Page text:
Time for a change: Energy for distilling on Islay

Islay, the island with 9 distilleries burning 15 million litres of fuel oil every year but surrounded by some of the UK’s best tidal power resource (not to mention plenty of wind power). Time for a change?

Most remote distilleries use fuel oil to provide energy for steam, which drives the distillation process (most of the rest use natural gas). The 9 distilleries on Islay are no different. The use of oil (or gas) creates CO2 emissions which are the cause of climate change. And the cost of the 15 million litres per year of oil is a hefty £8 million/year

The Sound of Islay, separating Islay from Jura, has fast tidal currents and has been the target for potential tidal power projects for some time. A 10MW tidal array has been consented here and along with a 30MW tidal array to the west of Islay, demonstrate the massive potential for marine renewables around Islay and around Scotland.

However, current demand for electricity on the island is not sufficient to justify these developments. Power export to the mainland would be required and the cost of the electrical connection makes the project non-economic.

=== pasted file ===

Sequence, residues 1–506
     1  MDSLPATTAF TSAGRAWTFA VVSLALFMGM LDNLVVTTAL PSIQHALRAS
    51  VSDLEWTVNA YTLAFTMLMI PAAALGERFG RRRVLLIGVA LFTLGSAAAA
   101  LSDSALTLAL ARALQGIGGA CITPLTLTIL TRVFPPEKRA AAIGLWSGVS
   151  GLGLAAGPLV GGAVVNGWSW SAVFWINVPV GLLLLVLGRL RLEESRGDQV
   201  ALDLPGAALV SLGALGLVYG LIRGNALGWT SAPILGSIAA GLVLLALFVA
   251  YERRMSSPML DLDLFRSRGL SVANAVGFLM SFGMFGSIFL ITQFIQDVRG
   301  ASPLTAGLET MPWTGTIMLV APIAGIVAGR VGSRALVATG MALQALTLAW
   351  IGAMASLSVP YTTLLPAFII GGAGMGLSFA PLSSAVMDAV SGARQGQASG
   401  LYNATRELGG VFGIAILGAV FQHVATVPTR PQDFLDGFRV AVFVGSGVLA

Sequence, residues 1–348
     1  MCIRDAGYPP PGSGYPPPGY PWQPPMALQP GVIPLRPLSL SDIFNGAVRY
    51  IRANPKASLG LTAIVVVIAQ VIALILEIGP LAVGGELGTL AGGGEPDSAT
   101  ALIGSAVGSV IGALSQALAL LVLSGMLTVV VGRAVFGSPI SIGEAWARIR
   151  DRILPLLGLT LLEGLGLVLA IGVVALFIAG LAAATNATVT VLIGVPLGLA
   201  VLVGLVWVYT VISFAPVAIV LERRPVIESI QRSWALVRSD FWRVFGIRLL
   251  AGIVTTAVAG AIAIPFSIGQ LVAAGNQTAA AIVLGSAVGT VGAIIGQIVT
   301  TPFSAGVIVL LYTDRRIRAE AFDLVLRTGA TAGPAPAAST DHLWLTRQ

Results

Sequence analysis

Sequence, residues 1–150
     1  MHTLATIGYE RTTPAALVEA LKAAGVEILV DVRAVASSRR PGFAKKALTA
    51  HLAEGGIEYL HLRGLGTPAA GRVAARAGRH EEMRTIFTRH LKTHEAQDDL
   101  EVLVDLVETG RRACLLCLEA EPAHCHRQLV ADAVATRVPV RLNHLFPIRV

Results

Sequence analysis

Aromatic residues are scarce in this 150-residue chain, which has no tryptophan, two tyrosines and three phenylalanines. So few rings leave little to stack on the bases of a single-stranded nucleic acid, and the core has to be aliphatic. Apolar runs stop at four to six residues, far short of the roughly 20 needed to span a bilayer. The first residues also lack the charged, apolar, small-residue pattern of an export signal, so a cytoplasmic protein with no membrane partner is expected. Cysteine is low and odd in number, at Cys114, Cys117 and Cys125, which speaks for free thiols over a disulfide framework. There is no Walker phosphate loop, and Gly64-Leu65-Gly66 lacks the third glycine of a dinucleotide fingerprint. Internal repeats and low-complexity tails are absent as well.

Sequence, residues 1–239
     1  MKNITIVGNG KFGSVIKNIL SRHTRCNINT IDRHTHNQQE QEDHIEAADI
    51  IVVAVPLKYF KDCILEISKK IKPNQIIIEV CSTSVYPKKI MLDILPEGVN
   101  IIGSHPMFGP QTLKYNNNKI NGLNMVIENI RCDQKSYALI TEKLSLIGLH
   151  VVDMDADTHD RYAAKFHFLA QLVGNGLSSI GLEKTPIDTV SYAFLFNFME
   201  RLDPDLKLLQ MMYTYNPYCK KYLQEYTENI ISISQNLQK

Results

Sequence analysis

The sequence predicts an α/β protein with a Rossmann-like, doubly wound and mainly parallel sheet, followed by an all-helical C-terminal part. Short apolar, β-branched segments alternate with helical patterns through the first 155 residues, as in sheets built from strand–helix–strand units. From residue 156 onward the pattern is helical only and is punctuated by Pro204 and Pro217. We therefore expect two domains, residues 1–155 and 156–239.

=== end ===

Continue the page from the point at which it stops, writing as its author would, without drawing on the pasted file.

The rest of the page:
So….wouldn’t it make sense to use renewable power on the island to replace the use of fuel oil at all the distilleries?

The integration of renewable energy into the distilling process has not been straightforward. Greenstills, a technology solution developed by Pale Blue Dot Energy is the key enabler. This provides a new approach to the distillation energy system which reduces energy requirements through system efficiencies and enables the integration of intermittent renewables (large or small scale). The Greenstills process involves a move away from steam, a new approach to heat exchange and a novel re-use of heat from the condensers.

The 9 distilleries need 30MW (average), 40MW (peak) total energy demand. Islay’s tidal power can support this level of demand, which could be developed in a phased manner. Surveys have highlighted the areas around Islay as having some of the highest tidal energy potential in Europe.

If we are to meet our climate change targets, change is needed.

There is an exciting opportunity on Islay and thus for scotch.

 

This blog is written by Tim Dumenil and Sam Gomersall.